Life Extension Update
Body mass index may be better predictor of cardiovascular disease than serum cholesterol
Friday, December 14, 2012. A research letter published in the December 10, 2012 issue of the American Medical Association journal Archives of Internal Medicine suggests that body mass index (BMI) could be a better predictor of the development of cardiovascular disease than serum cholesterol levels. Body mass index is calculated by dividing weight in kilograms by height in meters squared. Although it is not an infallible indicator of an individual's healthy or unhealthy body weight, BMI can be useful in studies examining large numbers of people, such as the current study.
David Faeh, MD, MPH and his associates at the University of Zurich in Switzerland analyzed data from 17,791 men and women who participated in a community health promotion initiative known as the National Research Program 1A, or the Swiss Monitoring of Trends and Determinants in Cardiovascular Disease population survey, a project of the World Health Organization. Over up to 31.2 years of follow-up, 2,170 men and 1,761 women died, among whom 749 and 630 deaths were attributable to cardiovascular disease.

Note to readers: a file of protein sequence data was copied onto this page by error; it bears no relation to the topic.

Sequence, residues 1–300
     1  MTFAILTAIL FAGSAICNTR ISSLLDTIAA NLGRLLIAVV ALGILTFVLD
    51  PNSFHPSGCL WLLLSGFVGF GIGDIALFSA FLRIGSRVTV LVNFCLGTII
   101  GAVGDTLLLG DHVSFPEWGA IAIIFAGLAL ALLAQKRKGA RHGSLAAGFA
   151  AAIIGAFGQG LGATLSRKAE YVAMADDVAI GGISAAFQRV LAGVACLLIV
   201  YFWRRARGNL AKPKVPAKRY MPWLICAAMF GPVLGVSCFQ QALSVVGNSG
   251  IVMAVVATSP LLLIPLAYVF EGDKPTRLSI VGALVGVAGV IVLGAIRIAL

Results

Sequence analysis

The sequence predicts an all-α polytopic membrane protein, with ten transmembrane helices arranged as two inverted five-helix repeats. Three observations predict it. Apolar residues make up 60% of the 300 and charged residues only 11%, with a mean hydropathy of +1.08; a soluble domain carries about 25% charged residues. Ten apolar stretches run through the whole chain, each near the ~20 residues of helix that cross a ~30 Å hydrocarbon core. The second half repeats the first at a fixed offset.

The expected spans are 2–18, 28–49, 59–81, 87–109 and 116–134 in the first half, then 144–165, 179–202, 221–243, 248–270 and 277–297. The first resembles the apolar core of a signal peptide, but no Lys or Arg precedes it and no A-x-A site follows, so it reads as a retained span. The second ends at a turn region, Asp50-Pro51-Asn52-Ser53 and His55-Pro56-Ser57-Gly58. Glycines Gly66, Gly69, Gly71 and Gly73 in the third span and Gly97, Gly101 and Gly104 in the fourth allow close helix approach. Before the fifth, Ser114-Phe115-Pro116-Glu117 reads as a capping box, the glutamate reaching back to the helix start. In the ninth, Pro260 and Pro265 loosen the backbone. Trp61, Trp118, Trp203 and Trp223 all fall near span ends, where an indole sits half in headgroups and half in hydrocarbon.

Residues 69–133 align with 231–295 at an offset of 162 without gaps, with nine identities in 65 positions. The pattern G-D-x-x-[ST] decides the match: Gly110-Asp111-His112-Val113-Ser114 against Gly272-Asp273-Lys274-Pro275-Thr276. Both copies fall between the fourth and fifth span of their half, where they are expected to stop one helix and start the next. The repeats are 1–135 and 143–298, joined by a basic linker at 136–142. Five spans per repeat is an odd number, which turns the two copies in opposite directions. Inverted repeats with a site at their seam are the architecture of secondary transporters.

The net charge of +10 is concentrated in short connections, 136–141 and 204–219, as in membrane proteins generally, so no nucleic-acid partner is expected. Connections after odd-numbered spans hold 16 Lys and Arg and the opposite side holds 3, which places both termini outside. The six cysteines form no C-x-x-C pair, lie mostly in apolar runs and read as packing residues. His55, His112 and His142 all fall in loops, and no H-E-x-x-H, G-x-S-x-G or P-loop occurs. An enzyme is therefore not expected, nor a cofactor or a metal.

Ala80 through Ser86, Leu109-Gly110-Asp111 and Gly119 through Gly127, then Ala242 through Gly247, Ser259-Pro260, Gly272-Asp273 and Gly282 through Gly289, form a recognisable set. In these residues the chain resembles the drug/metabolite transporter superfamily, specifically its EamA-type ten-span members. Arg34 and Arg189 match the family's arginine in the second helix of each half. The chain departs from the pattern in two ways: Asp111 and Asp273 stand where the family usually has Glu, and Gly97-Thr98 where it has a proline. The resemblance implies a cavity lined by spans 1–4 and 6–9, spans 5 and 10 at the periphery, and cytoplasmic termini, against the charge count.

Dr Faeh and colleagues calculated ten year risk models of fatal cardiovascular disease using total serum cholesterol or body mass index values. They found that the BMI model could better discriminate between persons at low and high cardiovascular disease risk and that the synergistic effects of smoking and blood pressure were stronger when combined with BMI than in combination with cholesterol values. While the results of the study are not to be interpreted as a negation of the relative importance of cholesterol levels in the development of heart disease, the authors remark that traditional cardiovascular disease predictive models such as the Framingham Risk Score fail to take BMI into account. "The fact that BMI renders blood sampling unnecessary leads to a substantial increase of population-based samples available for cardiovascular disease risk estimation," they write. "Compared with dyslipidemia screening, screening for obesity has a stronger scientific foundation and is unconditionally recommended. Furthermore, lifestyle changes (diet and physical activity) promoting weight loss or preventing weight gain may improve health more strongly than lipid-lowering treatment."
"Our results suggest that BMI may be a valuable alternative to cholesterol in cardiovascular disease risk prediction models," they conclude.
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